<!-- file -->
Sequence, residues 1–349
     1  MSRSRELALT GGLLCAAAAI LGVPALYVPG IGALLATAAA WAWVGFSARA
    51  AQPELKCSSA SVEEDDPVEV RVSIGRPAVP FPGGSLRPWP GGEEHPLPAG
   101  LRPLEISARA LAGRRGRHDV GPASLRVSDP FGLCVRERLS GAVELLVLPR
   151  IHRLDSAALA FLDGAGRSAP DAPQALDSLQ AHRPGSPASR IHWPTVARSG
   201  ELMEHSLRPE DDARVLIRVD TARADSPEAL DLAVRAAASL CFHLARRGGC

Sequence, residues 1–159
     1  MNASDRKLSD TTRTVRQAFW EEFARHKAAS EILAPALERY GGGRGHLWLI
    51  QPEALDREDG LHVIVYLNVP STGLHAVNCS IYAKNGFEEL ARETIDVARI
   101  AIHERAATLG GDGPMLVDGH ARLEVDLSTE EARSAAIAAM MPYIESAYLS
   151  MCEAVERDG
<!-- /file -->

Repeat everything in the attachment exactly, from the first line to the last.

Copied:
Sequence, residues 1–349
     1  MSRSRELALT GGLLCAAAAI LGVPALYVPG IGALLATAAA WAWVGFSARA
    51  AQPELKCSSA SVEEDDPVEV RVSIGRPAVP FPGGSLRPWP GGEEHPLPAG
   101  LRPLEISARA LAGRRGRHDV GPASLRVSDP FGLCVRERLS GAVELLVLPR
   151  IHRLDSAALA FLDGAGRSAP DAPQALDSLQ AHRPGSPASR IHWPTVARSG
   201  ELMEHSLRPE DDARVLIRVD TARADSPEAL DLAVRAAASL CFHLARRGGC

Sequence, residues 1–159
     1  MNASDRKLSD TTRTVRQAFW EEFARHKAAS EILAPALERY GGGRGHLWLI
    51  QPEALDREDG LHVIVYLNVP STGLHAVNCS IYAKNGFEEL ARETIDVARI
   101  AIHERAATLG GDGPMLVDGH ARLEVDLSTE EARSAAIAAM MPYIESAYLS
   151  MCEAVERDG